Saw this via Broome St. Temple: “10 Things I Wish Everyone Knew About Hinduism.” It’s by Senior Director of Hindu American Foundation and Broome Street Temple board member Sheetal Shah. Just one of the things:
3. Karma is more than just “what goes around comes around.”
Karma is the universal law of cause and effect: each action and thought has a reaction, and this cycle is endless until one is able to perform virtuous action without expecting rewards.
The Bhagavad Gita, III.19 and III.20 expounds on this:
Therefore, without attachment
Perform always the work that has to be done
For man attains to the highest
By doing work without attachment
Likewise you should perform with a view to guide others
And for the sake of benefiting the welfare of the world
Belief in karma goes hand in hand with belief in reincarnation, where the immortal soul, on its path of spiritual evolution, takes birth in various physical bodies through the cycle of life and death. Though karma can be immediate, it often spans over lifetimes and is one explanation to the commonly asked question, “Why do bad things happen good people?” or visa versa.
What I really want to talk is: Why do we talk about asana so much? And, is it time to stop?
So, already, I’m contributing to the problem: too much asana obsession.
I know this has been on my mind because of our trip next week to New York for Robert Moses and Eddie Stern’s workshop. Like our Namarupa trip to India last year and our next one this summer, asana is so far from central to our reasons for going that it may as well be Jupiter in our universe of reasons.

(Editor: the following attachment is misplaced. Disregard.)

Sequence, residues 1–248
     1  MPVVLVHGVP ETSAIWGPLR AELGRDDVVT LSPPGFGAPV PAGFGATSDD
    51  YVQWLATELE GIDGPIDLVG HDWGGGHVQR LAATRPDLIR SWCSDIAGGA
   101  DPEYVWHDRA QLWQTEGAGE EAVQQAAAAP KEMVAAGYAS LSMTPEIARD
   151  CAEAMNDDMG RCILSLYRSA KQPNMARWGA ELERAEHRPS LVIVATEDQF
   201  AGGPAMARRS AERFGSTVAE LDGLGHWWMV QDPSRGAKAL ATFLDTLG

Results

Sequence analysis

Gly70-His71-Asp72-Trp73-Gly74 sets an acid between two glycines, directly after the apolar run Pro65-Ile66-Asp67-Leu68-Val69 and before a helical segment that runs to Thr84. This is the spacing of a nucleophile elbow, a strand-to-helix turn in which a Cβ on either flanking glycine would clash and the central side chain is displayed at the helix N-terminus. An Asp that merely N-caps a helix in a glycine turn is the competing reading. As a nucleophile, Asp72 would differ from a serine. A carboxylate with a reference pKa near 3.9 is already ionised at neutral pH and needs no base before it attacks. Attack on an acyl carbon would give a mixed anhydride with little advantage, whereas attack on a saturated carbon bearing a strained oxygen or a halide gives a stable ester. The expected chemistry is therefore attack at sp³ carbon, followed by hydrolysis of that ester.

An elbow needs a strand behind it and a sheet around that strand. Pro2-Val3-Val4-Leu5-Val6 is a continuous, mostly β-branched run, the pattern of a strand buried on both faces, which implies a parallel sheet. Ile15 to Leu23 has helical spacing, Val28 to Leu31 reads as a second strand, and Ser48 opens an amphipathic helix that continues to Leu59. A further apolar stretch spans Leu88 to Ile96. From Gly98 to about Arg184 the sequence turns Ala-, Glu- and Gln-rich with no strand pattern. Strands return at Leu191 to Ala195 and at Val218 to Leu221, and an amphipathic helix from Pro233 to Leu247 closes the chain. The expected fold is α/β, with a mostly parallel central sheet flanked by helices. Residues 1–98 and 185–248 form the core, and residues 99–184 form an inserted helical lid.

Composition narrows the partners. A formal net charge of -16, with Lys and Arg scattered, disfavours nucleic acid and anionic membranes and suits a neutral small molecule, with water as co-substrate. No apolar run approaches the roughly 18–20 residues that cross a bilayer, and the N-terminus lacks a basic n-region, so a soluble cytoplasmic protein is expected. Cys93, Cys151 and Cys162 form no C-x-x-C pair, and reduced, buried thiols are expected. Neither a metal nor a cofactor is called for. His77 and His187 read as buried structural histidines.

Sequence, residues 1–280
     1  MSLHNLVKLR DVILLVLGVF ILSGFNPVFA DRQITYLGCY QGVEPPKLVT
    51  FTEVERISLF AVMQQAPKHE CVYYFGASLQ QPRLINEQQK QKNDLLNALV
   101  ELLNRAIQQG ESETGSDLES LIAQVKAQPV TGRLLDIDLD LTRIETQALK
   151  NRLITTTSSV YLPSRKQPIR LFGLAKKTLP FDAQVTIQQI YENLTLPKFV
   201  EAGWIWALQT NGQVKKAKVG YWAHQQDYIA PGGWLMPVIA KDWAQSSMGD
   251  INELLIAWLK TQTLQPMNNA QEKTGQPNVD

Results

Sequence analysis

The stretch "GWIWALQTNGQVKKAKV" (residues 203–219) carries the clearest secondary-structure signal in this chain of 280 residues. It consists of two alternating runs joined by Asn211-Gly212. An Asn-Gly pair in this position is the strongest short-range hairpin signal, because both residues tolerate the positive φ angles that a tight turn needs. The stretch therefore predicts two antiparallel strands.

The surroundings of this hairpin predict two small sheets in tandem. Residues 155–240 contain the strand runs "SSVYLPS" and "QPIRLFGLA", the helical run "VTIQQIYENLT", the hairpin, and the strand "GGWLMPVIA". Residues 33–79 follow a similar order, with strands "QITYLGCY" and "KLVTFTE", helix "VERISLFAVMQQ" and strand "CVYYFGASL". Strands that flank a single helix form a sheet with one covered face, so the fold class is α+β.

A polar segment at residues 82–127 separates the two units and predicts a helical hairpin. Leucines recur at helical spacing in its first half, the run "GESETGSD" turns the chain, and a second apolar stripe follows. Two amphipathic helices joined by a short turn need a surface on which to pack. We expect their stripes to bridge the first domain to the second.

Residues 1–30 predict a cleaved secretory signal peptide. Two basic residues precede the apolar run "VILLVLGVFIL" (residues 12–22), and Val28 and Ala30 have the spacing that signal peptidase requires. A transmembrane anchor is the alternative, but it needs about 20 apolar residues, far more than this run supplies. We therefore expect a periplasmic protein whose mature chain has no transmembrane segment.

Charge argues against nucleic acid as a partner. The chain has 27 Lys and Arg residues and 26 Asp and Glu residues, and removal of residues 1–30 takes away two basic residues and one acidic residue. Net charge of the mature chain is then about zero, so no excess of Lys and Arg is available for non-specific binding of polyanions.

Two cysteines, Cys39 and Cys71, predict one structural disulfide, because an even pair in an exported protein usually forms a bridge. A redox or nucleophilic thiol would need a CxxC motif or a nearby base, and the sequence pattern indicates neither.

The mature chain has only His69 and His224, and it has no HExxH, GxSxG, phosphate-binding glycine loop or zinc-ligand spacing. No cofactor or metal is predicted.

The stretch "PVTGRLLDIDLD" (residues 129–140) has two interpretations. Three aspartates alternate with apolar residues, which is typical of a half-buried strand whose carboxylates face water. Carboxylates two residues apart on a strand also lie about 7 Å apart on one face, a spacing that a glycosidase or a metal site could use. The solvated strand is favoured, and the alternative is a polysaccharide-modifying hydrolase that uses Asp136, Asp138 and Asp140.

By contrast, before the first Ashtanga Yoga Confluence, I was a fiend for making sure my asana practice was as ready as it could be.
Now… you know, the practice will be what it is at Eddie’s, especially with the time difference. (Hi, effectively 4 a.m. practice!)
Don’t go thinking, of course, that this attitude means I won’t be bringing my all to the mat next weekend. There’s a matter of respect — for Tim Miller, as my teacher, and for Eddie, as a guest in his space — that will drive my intention. Go big or go home, as they say.
I realize there are some complicated, and conflicted, reasons for our asana obsession. It’s the initial limb of Ashtanga that we in the West are encouraged to embark upon; the first and second tend to be sucked up in its wake. Then we go from there.
Perhaps more difficult: There’s the whole health/beauty/fit/thin societal construct. Dissertations have been written on this. To avoid 250 pages on the topic, let’s call it the “work out vs. work in” phenomena.
Also, asana is a lot easier to talk about than all the internal stuff, the emotional stuff, the mind stuff. Plus: Selfies.
Nonetheless, my observation is that our obsession is getting worse, not improving. In my entirely unscientific sampling lately (meaning a combination of my yogi-heavy Facebook and Twitter feeds), there seems to have been more asana talk than usual. (I’ll admit our culpability. I thought up this post topic while doing our latest asana aid.)
Perhaps this is a blip. It’s the start of the new year, after all, a time when resolutions focus pretty intently on that societal construct I mentioned earlier. Maybe people are trying to shake off their holiday indulgences. Or maybe there’s been asana to warm the heck up and fight the Polar Vortex.
At the same time, though, it also feels like maybe we’re all caught in a bit of an echo chamber — both real and virtual. In the virtual one, we upload yoga pictures and share post about asana this or that. In the real one, we talk about our practices, which pose is giving us trouble (or always gives us trouble) and seek ways to address those problems.
Could it be, I wonder, that we’re stuck on the third limb of Ashtanga, and rather than pulling each other out — or just lifting ourselves out — we are repeatedly sticking ourselves to it? Is it somehow a lower form of the Wheel of Life, which we’re equally stuck within?
Or, perhaps, it is another form of the “asana as metaphor for life” lesson. We all know that the practice teaches us how to handle those tough moments in life, the ones when we need to be able to breath calmly in the face of hardship. Tough poses are just tough moments. Perhaps asana practice as a whole (and our attachment to it) equally is a training ground for us to learn how to release ourselves from the karma wheel. You’re trapped, you’re trapped, you talk about it, you obsess about it until you finally find your way free.